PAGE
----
Monday, July 5, 2010

Fourth of July Off-Site Fail

I spent Fourth of July not grilling hot dogs, but dealing with hot dogs. 
First, let me say that I adore my Off-Site Team Coordinator.  She is energetic, enthusiastic, patient, persistent, and has the stamina of an Amazon warrior-priestess.  Like those hapless dudes from "Wayne's World", "I am not worthy!"  So, because I adore her, I agreed to help out this afternoon at an Adoption event held at the Unity Park in Magnolia, TX.

The park is so new it doesn't show up on Google Maps.  It was 25 miles from my house (not including a return trip to the Shelter).  On a Sunday afternoon. On the Fourth of July.  In 95 degree F, humid weather.  In the mud, since the park was just finished (and is located in the piney woods).  With two small tents for shade.  And about 14 dogs, three young kittens, a gaggle of teen-aged girl volunteers and a total of three volunteers (spread throughout the day, not all at once) plus my dauntless Team Coordinator.

As adoption events go, it was a FAIL.  Set-up began at 12:30 p.m.  I arrived at 3:00 p.m., bringing more water, four bags of ice and a storage bin of fleece blankets.  Magnolia is a small farm town in a rural area surrounded by a mix of low- and high-end subdivisions.  The primary attendees of this event were families who live in either Waller, Grimes or Montgomery County.  They are already dog owners.  They have cats.  And horses.  And goats.  And probably chickens, too, although I didn't ask.  They were very, very nice, and we had lots of help walking dogs.  But no adopters.  Not even nibbles.  Everyone appeared to have their quota of animals.
The little Chi-Mix in the middle was our only adoption today. 
The red Miniature Pinscher is my "Rusty" look-alike.  He is now my foster dog. 

Toward late afternoon, we did place a Chihuahua mix with a woman who lived nearby.  The little dog was worn out from a weekend whirl of off-sites.  I hope she won't throw up later tonight from the heat.  It was bloody hot.  We laid plastic ziplock bags filled with ice under the fleece blankets to keep the dogs cool.  We gave everybody (including ourselves) a lot of water.

The action picked up closer to evening--the park planned to host a fireworks show.  I saw people coming in with their dogs.  The dogs were oblivious to the fact that in an hour and a half, they would be barraged by fireworks noise.  *sigh* Some people don't think.

Take-down was hampered by a sudden, intense rain shower (thank you, Hurricane Alex).  Wet dogs, wet blankets, wet crates, wet tents.  And mud.
 What it looks like to the kitteh under the van.

Then a young cat got loose (a tween girl helper lost her grip) and darted under my car to cower in the spare tire.  Three teenaged girls, the sorrowful tween helper, and a five-year-old boy who actually corralled the cat when it darted away from the teen-aged girls.  They were filming the whole scene with their phones.  It will probably be on YouTube.  It was very funny, really.  The young cat was unharmed.

Finally we were packed--dogs in a Volunteer's horse trailer, my van, and my Team Coordinator's van.  Plus the three young cats, the crates, the bins, the folding tables, two tents, and a bunch of very wet and stinky fleece blankets.  We pulled out of the muddy venue. We didn't get stuck.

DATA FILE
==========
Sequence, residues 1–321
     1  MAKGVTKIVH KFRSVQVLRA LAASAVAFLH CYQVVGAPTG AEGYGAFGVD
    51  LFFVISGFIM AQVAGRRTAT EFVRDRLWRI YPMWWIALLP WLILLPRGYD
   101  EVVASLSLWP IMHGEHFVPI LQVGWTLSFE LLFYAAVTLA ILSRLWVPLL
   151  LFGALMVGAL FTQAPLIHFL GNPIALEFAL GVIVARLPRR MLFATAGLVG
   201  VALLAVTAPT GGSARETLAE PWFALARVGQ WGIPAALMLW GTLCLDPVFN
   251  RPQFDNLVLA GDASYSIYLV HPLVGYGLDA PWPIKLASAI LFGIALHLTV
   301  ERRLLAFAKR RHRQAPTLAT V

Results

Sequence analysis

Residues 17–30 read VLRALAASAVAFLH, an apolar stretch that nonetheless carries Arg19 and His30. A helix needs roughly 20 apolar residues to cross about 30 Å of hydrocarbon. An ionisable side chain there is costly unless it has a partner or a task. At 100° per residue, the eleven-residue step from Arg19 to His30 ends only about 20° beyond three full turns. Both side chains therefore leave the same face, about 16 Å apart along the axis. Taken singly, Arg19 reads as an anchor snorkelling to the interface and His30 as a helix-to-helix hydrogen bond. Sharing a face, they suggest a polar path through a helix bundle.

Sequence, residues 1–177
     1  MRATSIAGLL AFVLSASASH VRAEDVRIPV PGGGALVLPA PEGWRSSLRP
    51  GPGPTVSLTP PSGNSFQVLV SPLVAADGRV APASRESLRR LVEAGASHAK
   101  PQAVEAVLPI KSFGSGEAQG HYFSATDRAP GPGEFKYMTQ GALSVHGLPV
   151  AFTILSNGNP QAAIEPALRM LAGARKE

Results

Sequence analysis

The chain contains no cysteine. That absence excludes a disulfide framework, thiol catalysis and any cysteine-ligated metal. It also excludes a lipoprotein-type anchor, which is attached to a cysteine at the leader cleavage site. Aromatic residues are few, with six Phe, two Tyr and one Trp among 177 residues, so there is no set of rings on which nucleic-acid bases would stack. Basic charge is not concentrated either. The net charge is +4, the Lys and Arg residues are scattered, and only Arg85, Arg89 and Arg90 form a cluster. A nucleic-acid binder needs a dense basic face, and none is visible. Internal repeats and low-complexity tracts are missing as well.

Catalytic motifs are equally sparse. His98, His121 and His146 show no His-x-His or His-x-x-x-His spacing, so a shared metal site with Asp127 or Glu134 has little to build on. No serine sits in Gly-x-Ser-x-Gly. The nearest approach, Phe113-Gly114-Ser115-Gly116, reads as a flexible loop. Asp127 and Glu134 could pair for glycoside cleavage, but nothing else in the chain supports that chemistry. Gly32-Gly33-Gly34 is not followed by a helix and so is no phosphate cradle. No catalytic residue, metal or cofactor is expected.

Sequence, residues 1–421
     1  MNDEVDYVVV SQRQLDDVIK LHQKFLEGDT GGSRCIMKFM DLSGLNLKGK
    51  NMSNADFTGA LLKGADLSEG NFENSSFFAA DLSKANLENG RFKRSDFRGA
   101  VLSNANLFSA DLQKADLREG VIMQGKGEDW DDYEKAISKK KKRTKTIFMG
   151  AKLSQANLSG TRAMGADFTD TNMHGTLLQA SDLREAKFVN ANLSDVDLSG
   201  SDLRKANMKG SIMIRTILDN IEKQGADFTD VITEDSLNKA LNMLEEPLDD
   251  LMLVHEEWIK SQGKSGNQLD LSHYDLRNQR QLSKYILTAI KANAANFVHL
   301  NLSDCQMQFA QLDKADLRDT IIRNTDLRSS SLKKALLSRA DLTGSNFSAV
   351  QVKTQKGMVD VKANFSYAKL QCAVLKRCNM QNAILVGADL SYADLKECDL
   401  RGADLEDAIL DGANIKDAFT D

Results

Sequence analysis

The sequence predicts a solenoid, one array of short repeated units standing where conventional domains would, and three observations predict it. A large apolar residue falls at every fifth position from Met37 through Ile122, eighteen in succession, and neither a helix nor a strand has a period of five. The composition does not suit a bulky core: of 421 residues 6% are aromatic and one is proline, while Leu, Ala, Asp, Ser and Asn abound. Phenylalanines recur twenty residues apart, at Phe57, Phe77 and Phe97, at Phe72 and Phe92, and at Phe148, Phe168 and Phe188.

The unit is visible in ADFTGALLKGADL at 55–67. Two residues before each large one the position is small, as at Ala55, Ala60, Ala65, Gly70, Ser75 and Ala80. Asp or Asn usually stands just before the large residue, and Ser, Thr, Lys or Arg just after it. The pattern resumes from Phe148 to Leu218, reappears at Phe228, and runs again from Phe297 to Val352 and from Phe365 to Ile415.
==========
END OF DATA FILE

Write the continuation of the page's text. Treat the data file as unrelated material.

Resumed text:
We drove back to the Shelter on what in Texas are called "FM" (Farm-to-Market) Roads.  They are two-lane highways that are rapidly being widened to four lanes because of suburban growth. The are no streetlights and few stoplights.  In Texas, we like to drive fast.  My Team Coordinator drove fast.  The volunteer with the horse trailer drove fast, too.  I drove over the limit but was last in line.  I'm a coward.

A few miles from the Shelter, a State Trooper was parked in a dirt drive, hidden by pines.  In Texas, the State patrol cars are black, with a few white markings, and it was nearly dark--the gloaming.  The blue and red lights blazed.  The officer pulled over my Team Coordinator.  She was doing 65 in a 50 or 55 mph zone (the limits bounce around on this stretch of highway). The volunteer towing the horse trailer slowed down.  I was trailing and only had to lift my foot from the gas.  We didn't stop.  We continued to the Shelter.

The Shelter has a Twilight Zone air at night.  I hate going to the Shelter at night but, as I said, I adore my Team Coordinator.  At the Shelter, the Foster Coordinator, who is a paid employee of the county but who is has a Volunteer's never-quit attitude, was still there. It was almost 9:00 p.m.  I asked if she lived there. She just laughed.

Outside, there was popping and banging.  The big fireworks display put on by The Woodlands Township was underway.  From the Shelter, we could see bits of the sparkles.  The noise carried loudly on the humid air, and was augmented by the noise of the fireworks blown off by all the freedom-loving Texans in the loosely-governed subdivisions around the Shelter.  The dogs in the outside runs were barking non-stop.  But they were safely penned.
 This is the "Dog Lady" van.  Tonight it smells like wet dog.

My Team Coordinator arrived a few minutes later.  She said the officer gave her a warning.  Her van was full of wet dogs.  She was soaking wet, head to toe.  She was grateful for the warning, but thought we would be laughing at her.  Not at all. We were just glad she got a warning. The officer must have felt sorry for the "dog lady."  That's what we are, you know.  We don't mind.  We're doin' it for the dogs, anyway.  And those ungrateful young cats, too.

Photo Credits:  Ribbon--scan from my own magnet; Kitteh--I Can Has Cheezeburger Hall of Fame; Police Lights:  The Interwebs.  Thank you Google Images.

1 comment:

  1. Good grief! Here's hoping you were able to spread "the word" a bit to people in your community. Sorry your Off-Site didn't do so well.


Please leave a pawprint! I appreciate comments.